According to The Smithsonian Magazine Sep. 2020 issue, in 1943 during a German bombardment of the Italian port of Bari one of the ships hit, later identified as the John Harvey, had been carrying a cargo of mustard gas. Medical investigations of burnt sailors and servicemen discovered that when mixed with nitrogen it had selectively melted lymph nodes and blood cells.

This gave way to more research and medical uses of "nitrogen mustard" like chemotherapy. The difference between “mustard gas” and “nitrogen mustard” lies in a sulfur atom that replaces a nitrogen atom.

Shell report sees global LNG trade nearly doubling by 2040

The global trade in liquefied natural gas (LNG) increased 6% to 380 million tonnes during 2021 as many countries recovered from the Covid-19 pandemic, according to Shell’s latest annual LNG Outlook published on Feb. 21, 2022.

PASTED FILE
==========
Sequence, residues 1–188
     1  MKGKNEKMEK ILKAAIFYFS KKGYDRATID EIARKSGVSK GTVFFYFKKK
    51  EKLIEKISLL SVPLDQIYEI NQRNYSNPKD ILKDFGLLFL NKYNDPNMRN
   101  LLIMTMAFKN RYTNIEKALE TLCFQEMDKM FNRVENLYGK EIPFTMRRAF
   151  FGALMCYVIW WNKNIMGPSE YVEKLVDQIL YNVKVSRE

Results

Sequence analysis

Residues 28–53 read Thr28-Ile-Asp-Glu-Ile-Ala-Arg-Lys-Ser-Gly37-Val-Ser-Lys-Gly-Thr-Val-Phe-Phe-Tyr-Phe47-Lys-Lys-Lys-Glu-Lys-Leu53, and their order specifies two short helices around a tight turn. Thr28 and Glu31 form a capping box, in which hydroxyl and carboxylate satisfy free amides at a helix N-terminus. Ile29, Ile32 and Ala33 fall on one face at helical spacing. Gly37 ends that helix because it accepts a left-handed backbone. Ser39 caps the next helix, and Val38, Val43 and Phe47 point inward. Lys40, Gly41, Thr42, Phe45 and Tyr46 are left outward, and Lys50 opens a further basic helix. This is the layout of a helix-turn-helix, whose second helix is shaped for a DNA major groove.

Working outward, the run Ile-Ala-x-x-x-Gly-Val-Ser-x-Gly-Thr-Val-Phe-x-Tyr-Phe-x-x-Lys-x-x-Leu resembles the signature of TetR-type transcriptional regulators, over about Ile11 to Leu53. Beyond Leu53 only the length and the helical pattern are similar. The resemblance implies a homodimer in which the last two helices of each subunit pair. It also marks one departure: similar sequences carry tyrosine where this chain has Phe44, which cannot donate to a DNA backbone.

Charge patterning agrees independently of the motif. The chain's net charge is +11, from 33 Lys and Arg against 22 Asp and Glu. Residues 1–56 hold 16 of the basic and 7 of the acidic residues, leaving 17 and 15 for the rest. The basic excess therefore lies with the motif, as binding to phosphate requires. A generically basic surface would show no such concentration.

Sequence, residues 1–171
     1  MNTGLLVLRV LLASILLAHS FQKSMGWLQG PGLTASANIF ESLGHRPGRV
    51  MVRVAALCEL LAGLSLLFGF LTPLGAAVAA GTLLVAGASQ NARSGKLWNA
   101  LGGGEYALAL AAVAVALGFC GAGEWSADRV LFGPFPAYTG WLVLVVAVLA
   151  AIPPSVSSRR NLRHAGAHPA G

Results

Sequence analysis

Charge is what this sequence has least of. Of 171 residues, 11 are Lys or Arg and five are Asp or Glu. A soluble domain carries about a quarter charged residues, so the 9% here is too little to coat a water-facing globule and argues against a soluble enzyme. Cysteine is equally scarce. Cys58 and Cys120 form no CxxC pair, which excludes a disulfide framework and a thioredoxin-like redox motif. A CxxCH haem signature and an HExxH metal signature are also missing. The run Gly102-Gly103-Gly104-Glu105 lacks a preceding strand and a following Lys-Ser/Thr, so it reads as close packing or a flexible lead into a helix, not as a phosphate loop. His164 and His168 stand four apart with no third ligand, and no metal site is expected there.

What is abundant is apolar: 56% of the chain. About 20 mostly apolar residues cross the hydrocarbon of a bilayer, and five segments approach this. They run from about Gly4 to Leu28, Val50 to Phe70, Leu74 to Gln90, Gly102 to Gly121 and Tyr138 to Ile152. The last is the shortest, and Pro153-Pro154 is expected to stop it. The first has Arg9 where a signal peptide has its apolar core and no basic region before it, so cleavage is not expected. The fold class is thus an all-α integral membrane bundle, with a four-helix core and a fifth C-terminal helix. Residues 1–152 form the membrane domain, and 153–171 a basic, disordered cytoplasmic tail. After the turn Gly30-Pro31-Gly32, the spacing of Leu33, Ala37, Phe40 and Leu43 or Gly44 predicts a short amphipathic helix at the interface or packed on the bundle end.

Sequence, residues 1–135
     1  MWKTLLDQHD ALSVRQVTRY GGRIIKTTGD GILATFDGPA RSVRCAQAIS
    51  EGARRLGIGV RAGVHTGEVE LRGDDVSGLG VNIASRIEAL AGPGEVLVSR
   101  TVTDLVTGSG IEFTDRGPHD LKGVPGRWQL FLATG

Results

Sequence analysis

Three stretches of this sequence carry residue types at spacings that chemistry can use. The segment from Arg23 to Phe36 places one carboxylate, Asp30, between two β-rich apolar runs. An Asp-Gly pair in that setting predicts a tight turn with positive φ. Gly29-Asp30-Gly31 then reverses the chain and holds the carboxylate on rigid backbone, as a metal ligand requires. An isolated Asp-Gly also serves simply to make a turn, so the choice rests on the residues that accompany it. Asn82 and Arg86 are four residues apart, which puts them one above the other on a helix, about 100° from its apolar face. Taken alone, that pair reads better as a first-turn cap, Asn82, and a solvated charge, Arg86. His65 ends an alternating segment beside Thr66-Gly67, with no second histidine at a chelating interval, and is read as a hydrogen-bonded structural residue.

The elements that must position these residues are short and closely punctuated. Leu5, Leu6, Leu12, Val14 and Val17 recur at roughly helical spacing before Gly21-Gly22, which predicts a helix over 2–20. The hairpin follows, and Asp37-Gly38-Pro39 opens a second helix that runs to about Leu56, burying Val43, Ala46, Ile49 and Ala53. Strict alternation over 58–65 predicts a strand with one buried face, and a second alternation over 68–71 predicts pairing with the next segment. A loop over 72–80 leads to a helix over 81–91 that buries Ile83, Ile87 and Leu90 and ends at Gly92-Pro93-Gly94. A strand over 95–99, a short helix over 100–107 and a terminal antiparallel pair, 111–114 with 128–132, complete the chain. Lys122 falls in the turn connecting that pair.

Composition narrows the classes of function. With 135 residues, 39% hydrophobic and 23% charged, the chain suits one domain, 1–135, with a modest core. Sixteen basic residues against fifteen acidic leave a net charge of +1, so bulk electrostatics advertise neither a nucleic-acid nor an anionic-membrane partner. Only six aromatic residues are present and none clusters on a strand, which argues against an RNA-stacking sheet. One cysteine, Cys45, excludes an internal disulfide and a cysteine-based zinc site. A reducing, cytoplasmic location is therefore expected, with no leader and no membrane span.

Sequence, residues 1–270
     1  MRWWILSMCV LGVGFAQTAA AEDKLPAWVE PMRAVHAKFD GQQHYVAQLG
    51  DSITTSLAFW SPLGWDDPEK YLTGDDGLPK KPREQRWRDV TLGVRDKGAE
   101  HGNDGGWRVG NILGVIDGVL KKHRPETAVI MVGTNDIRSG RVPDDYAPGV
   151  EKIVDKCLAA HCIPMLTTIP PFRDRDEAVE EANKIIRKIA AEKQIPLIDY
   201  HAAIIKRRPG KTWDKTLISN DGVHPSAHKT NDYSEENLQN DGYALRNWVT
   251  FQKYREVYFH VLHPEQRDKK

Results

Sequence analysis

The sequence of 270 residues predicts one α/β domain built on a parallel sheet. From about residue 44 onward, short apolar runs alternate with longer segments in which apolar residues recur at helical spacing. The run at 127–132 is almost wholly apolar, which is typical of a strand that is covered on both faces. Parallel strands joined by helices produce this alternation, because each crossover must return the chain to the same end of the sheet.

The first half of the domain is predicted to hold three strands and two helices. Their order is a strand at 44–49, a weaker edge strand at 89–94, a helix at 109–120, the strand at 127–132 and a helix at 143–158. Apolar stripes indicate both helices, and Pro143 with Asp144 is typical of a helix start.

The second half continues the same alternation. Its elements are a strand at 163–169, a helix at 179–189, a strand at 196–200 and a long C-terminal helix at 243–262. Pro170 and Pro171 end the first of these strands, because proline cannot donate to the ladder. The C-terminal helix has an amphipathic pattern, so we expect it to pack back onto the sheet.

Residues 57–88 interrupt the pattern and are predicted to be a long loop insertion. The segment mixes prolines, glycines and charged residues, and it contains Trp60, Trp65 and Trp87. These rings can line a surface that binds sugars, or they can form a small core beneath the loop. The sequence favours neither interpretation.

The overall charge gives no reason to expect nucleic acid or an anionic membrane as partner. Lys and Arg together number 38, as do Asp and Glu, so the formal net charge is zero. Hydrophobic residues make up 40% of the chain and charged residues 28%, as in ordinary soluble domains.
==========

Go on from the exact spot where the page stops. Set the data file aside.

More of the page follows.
Overall, global LNG demand “is expected to cross 700 million tonnes a year by 2040,” a 90% increase from 2021, according to the report.

Prices reached record highs in October 2021 as European buyers struggled to secure LNG cargoes to meet expected winter gas demand, it said.

The U.S. will become the world’s biggest LNG exporter in 2022, according to the report.

Brazil tripled its LNG imports during 2021 to over seven million tonnes as persistent dry weather led to weaker hydropower generation.

AFPM sees potential for more Latin American, Canada oil imports

The American Fuel and Petrochemical Manufacturers association, known for its acronym AFPM, said on Feb. 25, 2022 that imports of crude oil from Canada and Latin America into the U.S. may increase as a result of sanctions against Russia. The U.S. announced sanctions against Russian oil and fuel on March 8.

The U.S. imported an average of 209,000 barrels per day (bpd) of crude oil and 500,000 bpd of other petroleum products from Russia during 2021, it said.

Additional heavy crude supplies from Canada and countries within Latin America could replace imported Russian crude but it will not be “as cost effective as Russian imports, particularly heavy fuel oil,” the AFPM said.